Half of the media and culture sector employees bullied or intimidated

This is apparent from a survey among hundreds of employees who FNV today, exactly one year after the disclosure of undesirable behavior in the program The voice, presents. FNV Media & Culture director Andrée Ruiters: “shocking figures that indicate there is still a lot of work to be done.”

The revelations about cross-border behavior in the media and culture sector in the past year led FNV to question the sector more broadly about, among other things, the experienced working climate, personal experiences in the past 12 months and how this is handled in the organisation. . Some of the most notable results:

– Almost two-thirds (64%) have been confronted with behavior that crosses borders.
– 44% experience a negative working climate.
– Almost half (47%) of those questioned report being bullied.
– Almost four out of ten (38%) experienced harassment (eg name-calling or threats).
– In half (51%) of the cases, a manager is the cause of boundary-crossing behaviour. With harassment, that percentage is 66.
– A quarter (23%) of women experienced sexual harassment or sexual violence.
– In half (51%) of the cases, nothing is done with a report of cross-border behaviour.

Structurally incorrect
Andrée Ruiters, director of FNV Media & Culture: “The results leave me speechless. The scale of inappropriate behavior in this sector is much greater than we expected. Almost two out of three of the 370 people who have completed the survey in recent weeks have themselves experienced one or more forms of border-crossing behavior in the past year. And for women, that percentage is even higher. Then you can’t talk about incidents, then there is really something structurally wrong. So it’s time to tackle this quickly and adequately.”

Women
Women are much more likely to be confronted with inappropriate behavior in the workplace than men, according to the study. Women are significantly overrepresented, especially when it comes to sexual harassment or sexual violence. Almost one in four (23%) experienced this in the past year. In 12% this happened more than once. One in ten men (9%) experienced sexual harassment or sexual violence. Women are also bullied more often than men (51% vs. 35%), they are twice as likely to be discriminated against (24% vs. 12%) and harassed more often (36% vs. 32%).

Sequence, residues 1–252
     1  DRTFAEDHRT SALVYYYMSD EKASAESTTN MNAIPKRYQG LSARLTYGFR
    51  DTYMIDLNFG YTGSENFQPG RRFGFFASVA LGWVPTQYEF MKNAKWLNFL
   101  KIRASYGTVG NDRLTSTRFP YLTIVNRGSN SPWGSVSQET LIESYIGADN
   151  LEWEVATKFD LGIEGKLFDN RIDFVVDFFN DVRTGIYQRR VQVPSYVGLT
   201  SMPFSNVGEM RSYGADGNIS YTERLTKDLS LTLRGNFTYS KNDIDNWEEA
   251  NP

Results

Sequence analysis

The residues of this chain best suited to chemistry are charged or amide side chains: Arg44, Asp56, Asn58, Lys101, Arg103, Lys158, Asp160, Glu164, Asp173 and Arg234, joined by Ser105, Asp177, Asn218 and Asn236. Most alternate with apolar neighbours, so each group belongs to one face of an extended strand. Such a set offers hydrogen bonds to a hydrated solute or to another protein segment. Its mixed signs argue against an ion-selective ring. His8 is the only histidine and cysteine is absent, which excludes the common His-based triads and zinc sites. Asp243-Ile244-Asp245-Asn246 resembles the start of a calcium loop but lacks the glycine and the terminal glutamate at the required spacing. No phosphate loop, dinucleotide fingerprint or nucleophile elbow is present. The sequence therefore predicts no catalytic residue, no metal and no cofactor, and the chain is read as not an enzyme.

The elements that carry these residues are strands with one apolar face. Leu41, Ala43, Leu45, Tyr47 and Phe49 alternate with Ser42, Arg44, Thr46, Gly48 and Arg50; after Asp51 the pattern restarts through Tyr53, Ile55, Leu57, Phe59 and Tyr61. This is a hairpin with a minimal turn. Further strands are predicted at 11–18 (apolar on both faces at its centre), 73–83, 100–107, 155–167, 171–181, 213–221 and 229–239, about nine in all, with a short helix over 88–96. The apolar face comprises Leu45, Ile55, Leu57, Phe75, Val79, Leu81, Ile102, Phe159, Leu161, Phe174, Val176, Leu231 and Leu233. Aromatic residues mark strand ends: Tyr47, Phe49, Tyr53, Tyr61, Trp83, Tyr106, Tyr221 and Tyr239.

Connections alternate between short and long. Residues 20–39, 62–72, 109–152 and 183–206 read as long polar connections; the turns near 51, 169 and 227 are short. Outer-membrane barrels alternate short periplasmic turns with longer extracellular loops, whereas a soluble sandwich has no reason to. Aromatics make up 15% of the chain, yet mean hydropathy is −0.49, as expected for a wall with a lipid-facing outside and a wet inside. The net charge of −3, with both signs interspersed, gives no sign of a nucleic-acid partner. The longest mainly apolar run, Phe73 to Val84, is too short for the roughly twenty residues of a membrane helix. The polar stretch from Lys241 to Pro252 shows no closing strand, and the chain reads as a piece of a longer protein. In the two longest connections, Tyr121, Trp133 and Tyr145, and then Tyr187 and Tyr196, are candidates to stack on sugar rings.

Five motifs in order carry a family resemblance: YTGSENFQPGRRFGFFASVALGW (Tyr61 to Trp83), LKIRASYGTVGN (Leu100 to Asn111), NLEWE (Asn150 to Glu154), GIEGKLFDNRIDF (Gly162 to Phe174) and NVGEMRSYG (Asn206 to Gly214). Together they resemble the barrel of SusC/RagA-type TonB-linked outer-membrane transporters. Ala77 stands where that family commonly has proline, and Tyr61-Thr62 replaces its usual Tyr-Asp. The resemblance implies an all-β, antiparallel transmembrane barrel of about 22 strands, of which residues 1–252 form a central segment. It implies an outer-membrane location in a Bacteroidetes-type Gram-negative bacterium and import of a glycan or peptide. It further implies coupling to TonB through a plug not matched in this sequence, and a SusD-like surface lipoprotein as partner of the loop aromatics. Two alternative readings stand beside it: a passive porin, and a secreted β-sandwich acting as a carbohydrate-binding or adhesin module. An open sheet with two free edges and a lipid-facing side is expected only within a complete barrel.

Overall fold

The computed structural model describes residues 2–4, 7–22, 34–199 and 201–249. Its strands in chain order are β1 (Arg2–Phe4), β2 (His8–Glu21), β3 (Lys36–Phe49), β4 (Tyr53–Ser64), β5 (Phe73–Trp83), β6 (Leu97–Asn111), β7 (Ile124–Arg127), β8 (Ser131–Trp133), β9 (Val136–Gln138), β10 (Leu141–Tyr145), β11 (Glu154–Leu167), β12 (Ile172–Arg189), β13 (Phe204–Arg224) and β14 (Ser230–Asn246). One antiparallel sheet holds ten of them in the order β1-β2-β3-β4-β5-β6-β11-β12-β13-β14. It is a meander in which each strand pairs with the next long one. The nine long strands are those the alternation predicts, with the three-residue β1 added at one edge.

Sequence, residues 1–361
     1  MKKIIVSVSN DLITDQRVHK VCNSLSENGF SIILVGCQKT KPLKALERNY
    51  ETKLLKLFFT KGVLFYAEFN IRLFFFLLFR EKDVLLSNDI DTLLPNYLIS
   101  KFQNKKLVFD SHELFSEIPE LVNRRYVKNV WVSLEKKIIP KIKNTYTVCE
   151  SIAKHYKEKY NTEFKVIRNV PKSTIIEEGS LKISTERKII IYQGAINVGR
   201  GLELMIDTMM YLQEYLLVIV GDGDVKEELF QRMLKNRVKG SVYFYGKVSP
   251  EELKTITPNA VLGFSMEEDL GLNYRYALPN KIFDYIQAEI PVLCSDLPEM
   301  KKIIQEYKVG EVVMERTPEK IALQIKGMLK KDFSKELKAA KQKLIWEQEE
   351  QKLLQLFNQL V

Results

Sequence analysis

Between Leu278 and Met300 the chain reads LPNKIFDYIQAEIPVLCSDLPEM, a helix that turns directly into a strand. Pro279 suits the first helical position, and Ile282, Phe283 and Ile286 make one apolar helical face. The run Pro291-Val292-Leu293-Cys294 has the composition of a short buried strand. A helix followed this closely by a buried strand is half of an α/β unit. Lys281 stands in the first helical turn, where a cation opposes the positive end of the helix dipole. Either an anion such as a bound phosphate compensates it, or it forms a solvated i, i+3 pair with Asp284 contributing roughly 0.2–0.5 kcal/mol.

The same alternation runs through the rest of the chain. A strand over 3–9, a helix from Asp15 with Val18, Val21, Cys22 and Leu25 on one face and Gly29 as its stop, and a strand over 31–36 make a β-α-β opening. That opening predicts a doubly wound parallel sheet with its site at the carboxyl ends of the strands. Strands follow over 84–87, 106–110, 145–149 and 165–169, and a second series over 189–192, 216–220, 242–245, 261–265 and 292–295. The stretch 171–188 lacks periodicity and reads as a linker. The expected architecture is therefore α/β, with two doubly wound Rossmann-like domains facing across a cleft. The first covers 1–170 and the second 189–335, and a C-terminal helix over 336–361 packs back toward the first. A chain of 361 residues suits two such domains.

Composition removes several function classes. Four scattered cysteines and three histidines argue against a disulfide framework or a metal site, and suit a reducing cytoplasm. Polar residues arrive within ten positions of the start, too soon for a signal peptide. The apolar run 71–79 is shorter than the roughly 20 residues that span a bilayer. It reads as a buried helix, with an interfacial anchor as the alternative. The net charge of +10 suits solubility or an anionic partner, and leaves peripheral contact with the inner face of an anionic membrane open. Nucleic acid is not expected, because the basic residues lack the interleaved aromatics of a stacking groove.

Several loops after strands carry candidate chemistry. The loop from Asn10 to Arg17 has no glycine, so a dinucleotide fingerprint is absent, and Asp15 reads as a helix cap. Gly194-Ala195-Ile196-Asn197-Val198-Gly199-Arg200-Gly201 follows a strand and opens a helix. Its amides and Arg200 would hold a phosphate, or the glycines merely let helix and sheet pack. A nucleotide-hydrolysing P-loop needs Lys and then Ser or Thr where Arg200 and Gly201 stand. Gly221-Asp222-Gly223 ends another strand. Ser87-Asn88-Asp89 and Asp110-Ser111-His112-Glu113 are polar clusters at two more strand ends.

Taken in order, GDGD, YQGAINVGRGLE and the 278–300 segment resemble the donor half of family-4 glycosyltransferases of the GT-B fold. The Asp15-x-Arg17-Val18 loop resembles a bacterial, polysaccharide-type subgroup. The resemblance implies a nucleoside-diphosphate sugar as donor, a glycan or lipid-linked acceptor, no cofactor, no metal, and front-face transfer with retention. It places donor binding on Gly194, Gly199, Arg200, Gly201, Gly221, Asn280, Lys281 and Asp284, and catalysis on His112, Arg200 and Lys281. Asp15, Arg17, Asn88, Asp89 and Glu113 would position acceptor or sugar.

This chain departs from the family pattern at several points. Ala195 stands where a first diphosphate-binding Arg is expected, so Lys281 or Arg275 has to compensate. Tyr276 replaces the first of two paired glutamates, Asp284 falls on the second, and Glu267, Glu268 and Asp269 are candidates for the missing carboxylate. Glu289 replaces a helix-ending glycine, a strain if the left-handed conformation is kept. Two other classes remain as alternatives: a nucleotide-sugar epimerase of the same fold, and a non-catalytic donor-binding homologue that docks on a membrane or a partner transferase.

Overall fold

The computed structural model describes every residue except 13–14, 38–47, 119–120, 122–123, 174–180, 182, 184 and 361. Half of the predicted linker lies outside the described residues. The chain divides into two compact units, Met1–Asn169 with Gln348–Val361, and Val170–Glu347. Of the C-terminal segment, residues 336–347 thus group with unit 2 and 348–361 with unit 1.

managers
It also appears that power relations play an emphatic role in the cause of boundary-crossing behaviour. In half of the cases, employees indicate that managers were the cause of their negative experience. Where employees are confronted with intimidation, even two out of three state that a manager is the cause of this. Temporary contracts also create a vulnerable position. Half (51%) of the respondents with such a contract experience a negative working climate.

Big consequences
The consequences are enormous. Almost all employees who were confronted with boundary-crossing behavior indicate that they are bothered by it. Only 5% say they experience no consequences. The vast majority of people experience stress due to their experience (38%), function less well (25%) or call in sick (12%). Almost one in ten (9%) have even started working elsewhere because of their experience.

Done a little
Andrée Ruiters: “We also see that something is happening with the reports that are made. Despite all the attention paid to the negative work culture in the media and culture sector in the past year and promises of improvement, half of all reports still do nothing. In some cases (9%) it is even recommended to keep silent about it. It is scandalous and a completely wrong signal. It is so important that there is better support for victims. But also that the perpetrators of this behavior must be prosecuted, trained and, if necessary, dealt with harshly.”

Recommendations
FNV believes that the power structure on the work floor in the sector must be improved by ensuring more permanent contracts, less temporary work and a stronger position for the self-employed. In addition, the trade union wants more and better supervision of compliance with the collective agreement, for example by the Norwegian Working Environment Authority or a supervisory board. As a result, appropriate measures can be taken in case of cross-border behaviour. A clear sanctions policy is very necessary in this regard. In the coming period, FNV will continue to talk to those involved. The survey will also be repeated next year to measure whether the situation is improving.

Source: FNV Media & Culture/BM

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